Poem of the week: To a Snail by Marianne Moore

Precise observations of this humble creature provide a droll allegorical critique of style.

By Carol Rumens, published in The Guardian, 10 July 2017

To a Snail

If “compression is the first grace of style,”
you have it. Contractility is a virtue
as modesty is a virtue.
It is not the acquisition of any one thing
that is able to adorn,
or the incidental quality that occurs
as a concomitant of something well said,
that we value in style,
but the principle that is hid:
in the absence of feet, “a method of conclusions”;
“a knowledge of principles,”
in the curious phenomenon of your occipital horn.

Marianne Moore was a tireless and unforgiving editor of her own work. In the new edition of the collected poetry, Heather Cass White revises the author’s revisions, omissions, and re-orderings, to retrieve the texts as they were first printed, and in order of composition.

There are two poles in editorial thought on poets’ revisions. One holds that authors’ final revisions are sacrosanct, the other favours restoration. Dispute seems redundant: let’s have both! Originals are crucial, integral to understanding a writer’s place in history and her emergence. But revisions provide another valuable, evolutionary, narrative. First words, last words, interim words: if the poet is good enough, let’s have the variorum edition in all its glory. Continue reading “Poem of the week: To a Snail by Marianne Moore”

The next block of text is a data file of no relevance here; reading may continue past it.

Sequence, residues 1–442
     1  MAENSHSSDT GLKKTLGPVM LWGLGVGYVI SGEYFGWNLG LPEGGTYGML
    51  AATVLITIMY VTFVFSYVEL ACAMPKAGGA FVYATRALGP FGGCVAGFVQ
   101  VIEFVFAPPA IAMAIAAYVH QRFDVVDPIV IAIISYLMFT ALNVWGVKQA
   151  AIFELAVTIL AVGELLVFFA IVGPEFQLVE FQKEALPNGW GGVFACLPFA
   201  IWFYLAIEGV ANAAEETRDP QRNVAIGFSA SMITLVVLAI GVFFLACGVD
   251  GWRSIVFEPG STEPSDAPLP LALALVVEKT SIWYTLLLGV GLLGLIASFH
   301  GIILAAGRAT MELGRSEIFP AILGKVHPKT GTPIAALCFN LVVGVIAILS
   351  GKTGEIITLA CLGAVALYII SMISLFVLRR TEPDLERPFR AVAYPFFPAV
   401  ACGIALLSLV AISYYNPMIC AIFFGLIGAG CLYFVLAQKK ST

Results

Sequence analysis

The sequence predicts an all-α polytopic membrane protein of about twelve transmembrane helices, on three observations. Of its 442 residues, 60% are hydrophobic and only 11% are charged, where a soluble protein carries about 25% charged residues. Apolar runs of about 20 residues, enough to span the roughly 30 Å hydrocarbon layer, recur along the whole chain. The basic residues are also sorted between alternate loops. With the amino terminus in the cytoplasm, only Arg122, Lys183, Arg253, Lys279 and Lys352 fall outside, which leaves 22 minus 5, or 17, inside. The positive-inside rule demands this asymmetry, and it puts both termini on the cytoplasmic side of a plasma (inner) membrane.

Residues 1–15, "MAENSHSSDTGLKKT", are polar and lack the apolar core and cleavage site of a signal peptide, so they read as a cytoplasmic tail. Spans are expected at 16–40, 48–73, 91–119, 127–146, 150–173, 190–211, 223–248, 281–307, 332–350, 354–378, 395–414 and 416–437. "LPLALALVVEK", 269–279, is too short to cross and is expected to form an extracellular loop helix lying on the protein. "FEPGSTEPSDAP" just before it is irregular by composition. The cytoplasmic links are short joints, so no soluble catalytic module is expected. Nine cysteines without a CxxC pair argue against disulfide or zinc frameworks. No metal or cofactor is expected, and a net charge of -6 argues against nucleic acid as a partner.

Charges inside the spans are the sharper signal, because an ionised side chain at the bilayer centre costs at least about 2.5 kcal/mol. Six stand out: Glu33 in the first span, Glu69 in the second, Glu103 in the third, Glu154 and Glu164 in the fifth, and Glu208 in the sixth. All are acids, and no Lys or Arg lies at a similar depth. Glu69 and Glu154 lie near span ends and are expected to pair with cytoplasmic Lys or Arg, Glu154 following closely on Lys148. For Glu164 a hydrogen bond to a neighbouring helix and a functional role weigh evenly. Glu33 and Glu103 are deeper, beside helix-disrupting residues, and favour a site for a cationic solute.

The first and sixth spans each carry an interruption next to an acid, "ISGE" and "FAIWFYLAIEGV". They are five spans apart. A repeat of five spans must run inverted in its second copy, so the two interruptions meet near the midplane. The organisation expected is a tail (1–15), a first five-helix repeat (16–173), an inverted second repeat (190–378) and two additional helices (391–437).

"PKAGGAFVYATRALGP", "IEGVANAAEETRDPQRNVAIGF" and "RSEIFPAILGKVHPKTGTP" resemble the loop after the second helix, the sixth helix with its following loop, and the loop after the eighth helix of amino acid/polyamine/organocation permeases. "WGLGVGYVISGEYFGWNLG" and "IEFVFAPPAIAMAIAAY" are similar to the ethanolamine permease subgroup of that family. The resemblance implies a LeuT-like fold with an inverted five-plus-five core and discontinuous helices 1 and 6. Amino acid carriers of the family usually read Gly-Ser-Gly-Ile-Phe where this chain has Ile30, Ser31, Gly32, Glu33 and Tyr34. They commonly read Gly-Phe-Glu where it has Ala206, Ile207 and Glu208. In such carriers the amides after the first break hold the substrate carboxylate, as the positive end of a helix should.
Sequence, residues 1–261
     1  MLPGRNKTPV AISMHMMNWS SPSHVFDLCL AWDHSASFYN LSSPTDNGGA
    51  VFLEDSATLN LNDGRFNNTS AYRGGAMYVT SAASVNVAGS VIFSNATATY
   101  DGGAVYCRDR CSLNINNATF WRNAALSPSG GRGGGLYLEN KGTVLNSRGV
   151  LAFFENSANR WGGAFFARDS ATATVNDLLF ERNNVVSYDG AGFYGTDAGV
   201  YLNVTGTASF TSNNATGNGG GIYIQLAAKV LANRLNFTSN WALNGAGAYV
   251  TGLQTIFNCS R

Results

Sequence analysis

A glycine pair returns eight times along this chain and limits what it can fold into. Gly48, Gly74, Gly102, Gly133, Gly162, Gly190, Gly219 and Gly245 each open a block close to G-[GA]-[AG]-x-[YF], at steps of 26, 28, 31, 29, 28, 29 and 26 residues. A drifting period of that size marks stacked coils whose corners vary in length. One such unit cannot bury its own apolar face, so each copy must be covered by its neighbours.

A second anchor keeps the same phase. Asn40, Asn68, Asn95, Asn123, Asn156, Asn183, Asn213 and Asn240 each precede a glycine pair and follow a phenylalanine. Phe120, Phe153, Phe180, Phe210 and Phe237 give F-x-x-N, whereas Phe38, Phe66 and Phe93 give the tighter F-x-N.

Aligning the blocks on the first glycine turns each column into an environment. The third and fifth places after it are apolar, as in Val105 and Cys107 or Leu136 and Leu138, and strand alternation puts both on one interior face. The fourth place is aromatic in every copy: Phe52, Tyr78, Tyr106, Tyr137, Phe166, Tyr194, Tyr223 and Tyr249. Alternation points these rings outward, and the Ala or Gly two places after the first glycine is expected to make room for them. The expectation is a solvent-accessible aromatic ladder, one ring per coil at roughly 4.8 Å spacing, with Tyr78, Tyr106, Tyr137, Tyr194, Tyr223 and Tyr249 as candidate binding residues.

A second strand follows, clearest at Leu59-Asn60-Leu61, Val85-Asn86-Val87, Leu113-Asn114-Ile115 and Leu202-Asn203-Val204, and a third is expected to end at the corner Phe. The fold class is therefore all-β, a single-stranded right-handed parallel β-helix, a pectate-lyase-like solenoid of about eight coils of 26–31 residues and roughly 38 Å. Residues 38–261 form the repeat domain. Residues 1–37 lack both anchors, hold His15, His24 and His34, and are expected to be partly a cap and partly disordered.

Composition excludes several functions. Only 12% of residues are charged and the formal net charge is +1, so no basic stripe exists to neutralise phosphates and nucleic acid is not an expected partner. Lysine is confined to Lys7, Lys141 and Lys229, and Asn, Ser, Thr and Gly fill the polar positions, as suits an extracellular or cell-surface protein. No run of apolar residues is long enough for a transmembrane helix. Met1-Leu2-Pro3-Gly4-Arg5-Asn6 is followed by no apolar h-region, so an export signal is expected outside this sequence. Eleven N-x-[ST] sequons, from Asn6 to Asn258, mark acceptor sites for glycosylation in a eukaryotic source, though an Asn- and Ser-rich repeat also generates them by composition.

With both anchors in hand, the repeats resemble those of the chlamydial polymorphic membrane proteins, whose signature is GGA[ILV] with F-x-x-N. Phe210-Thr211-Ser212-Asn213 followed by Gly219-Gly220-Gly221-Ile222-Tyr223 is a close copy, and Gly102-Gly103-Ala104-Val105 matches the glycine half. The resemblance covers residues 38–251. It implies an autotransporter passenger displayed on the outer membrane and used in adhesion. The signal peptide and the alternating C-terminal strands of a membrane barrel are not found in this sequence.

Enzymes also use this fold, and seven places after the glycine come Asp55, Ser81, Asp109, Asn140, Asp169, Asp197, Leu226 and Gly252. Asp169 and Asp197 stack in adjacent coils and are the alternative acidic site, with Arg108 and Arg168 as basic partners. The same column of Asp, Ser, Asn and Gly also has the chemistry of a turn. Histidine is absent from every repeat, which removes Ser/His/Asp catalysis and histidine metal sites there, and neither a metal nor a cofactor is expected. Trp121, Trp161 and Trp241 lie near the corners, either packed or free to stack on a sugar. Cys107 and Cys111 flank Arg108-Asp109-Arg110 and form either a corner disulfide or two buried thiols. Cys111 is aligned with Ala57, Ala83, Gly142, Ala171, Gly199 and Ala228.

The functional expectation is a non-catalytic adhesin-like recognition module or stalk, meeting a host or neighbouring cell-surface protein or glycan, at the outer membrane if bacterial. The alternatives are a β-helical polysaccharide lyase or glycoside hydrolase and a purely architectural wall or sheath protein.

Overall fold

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AP Lit Question 1 (poetry), a NINE

Rachel M. Harper’s “The Myth of Music” weaves together a narrative of a childhood and of a cultural heritage as a whole ─ how music was and is entwined with black history and every aspect of the speaker’s life. Detailed metaphors of various musical tools and elements create the elaborate memory of a musically enhanced childhood. Furthermore, the combination of such images or metaphors with more specific anecdotes or memories creates a poem with a form of continuous time and music ─ one that binds memory and music together. Continue reading “AP Lit Question 1 (poetry), a NINE”